Credit Suisse’s Collapse Reveals Some Ugly Truths About Switzerland for Investors
For decades, Switzerland has sold itself as a haven of legal certainty for bond and equity investors. The collapse of Credit Suisse Group AG revealed some unpleasant home truths.
Aside from the sense of shame brought on by the bank’s collapse, legal observers say these three surprises raise some fundamental questions about the primacy of Swiss banking law and also sows doubt with foreign investors about putting money in the country.
It’s not good for Switzerland “if investors believe that their rights can be overridden,” says Kern Alexander, a professor of law and finance at the University of Zurich. “The way the crisis management is being carried out is panicked, and it’s undermined the rule of law and undermined Switzerland.”
In announcing the government-brokered sale of Credit Suisse to its Zurich rival on Sunday evening, the Swiss government cited an article of its constitution that allows it to issue temporary ordinances “to counter existing or imminent threats of serious disruption to public order or internal or external security.” In this case, this included overriding merger laws on shareholder votes.
Then, when Finma chairwoman Marlene Amstad was asked during a press conference later that evening if the government was ignoring competition concerns in pushing the merger through, Amstad said financial stability trumped competition concerns. Together Credit Suisse and UBS would hold 333 billion Swiss francs ($360 billion) in customer deposits, 115 billion francs more than their nearest rival Raiffeisen, according to a UBS investor presentation.
But the biggest pushback from investors over the deal so far concerns the decision by Swiss banking regulator Finma to write down to nothing the AT1 bonds issued by Credit Suisse.
AT1 bonds were introduced after the global financial crisis to ensure losses would be borne by investors not taxpayers. They are meant to act as a capital buffer in times of stress. Crucially, debt of this type at most other banks in Europe and the UK have far more protections and only AT1 bonds issued by Credit Suisse and former Swiss rival UBS have language in their terms that allows for total wipeout rather than a conversion to equity.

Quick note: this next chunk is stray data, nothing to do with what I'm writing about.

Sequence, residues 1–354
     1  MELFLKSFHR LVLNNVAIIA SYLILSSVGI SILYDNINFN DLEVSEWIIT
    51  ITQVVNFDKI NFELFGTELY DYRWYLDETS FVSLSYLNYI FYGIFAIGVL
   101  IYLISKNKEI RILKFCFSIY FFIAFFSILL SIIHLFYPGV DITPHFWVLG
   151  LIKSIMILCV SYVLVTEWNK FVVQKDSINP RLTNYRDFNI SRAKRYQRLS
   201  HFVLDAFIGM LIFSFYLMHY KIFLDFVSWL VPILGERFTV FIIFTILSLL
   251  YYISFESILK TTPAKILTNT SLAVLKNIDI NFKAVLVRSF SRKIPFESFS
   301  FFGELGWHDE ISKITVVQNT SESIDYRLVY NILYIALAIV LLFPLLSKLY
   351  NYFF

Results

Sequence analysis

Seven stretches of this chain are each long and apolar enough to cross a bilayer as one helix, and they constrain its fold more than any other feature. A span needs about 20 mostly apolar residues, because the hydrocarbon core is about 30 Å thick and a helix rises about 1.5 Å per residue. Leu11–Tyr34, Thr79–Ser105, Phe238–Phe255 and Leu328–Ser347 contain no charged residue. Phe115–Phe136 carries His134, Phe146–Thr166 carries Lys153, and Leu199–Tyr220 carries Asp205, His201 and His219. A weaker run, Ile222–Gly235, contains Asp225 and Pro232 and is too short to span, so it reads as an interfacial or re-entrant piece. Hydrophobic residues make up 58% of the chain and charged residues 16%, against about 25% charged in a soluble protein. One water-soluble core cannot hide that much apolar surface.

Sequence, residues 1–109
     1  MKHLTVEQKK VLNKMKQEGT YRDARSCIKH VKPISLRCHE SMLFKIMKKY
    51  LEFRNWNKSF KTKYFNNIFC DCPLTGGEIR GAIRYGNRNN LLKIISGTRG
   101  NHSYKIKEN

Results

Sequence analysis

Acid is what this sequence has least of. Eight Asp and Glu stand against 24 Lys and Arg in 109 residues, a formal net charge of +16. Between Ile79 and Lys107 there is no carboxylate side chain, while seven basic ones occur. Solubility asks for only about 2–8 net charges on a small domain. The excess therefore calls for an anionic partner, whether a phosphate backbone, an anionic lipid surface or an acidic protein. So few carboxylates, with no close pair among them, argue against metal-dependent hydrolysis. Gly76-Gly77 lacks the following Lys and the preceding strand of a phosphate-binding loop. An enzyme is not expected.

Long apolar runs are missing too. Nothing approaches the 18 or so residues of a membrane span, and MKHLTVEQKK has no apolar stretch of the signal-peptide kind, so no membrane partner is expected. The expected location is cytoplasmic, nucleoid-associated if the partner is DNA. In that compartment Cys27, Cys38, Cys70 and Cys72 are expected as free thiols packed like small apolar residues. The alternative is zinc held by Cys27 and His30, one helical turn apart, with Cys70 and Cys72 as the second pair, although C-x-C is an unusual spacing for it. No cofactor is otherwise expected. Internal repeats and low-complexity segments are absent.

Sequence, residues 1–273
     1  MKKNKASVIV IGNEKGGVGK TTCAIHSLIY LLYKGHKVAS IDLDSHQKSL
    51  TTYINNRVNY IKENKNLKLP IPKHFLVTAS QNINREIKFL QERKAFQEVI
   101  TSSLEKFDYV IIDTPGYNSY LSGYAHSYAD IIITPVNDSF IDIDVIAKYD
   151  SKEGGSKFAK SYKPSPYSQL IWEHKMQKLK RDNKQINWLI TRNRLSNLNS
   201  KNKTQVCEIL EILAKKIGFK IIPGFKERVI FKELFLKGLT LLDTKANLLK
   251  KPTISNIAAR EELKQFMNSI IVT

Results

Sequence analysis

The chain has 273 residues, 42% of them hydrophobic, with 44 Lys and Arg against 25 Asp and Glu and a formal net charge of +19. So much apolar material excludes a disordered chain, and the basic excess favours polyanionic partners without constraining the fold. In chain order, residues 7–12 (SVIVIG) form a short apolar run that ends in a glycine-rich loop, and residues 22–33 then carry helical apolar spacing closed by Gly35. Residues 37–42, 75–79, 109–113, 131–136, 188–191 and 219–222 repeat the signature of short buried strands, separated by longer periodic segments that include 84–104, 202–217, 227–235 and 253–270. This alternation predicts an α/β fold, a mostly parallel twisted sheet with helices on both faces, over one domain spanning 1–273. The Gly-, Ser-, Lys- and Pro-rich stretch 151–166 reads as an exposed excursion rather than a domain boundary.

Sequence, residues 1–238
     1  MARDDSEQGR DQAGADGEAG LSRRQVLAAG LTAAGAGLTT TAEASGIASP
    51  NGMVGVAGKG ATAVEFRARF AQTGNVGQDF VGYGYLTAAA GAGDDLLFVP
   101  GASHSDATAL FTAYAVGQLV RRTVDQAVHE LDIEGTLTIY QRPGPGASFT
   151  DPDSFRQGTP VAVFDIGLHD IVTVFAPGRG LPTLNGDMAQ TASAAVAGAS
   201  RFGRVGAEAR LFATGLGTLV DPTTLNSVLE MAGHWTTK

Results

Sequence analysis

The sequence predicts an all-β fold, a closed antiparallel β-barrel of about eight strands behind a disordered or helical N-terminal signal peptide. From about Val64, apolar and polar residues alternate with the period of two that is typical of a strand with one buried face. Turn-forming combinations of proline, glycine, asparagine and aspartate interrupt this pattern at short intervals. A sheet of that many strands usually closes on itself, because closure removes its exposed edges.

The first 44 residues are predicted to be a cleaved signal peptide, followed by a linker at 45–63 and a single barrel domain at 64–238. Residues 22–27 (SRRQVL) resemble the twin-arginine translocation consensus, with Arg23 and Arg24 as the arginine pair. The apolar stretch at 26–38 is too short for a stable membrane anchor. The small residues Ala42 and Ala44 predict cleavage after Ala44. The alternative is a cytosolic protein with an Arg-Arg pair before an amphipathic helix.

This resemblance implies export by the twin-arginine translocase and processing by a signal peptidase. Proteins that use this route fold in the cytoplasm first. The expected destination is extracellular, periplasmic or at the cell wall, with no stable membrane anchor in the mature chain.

Even if the risks of those AT1 bonds were made clear to investors at the time they signed on to them, this stark example of Swiss exceptionalism marks a departure from the general rule that bondholders come before shareholders.
“A lot of lawsuits will be coming from this, which will highlight the erratic and selfish behavior of Swiss authorities in this saga,” said Jacob Kirkegaard, senior fellow at the Peterson Institute for International Economics.
Ethos Foundation, whose 246 pension fund members represent 1.9 million people with 370 billion swiss francs in assets, has threatened as much over the issue of blocking shareholder votes.
“Faced with this unprecedented failure in the history of the Swiss financial center, Ethos will continue to defend the interests of minority shareholders, starting with the Swiss pension funds,” the Geneva and Zurich-based foundation said in a statement on Monday.
“All options will be examined in the coming days, including legal ones, to determine the responsibilities of this debacle,” it said.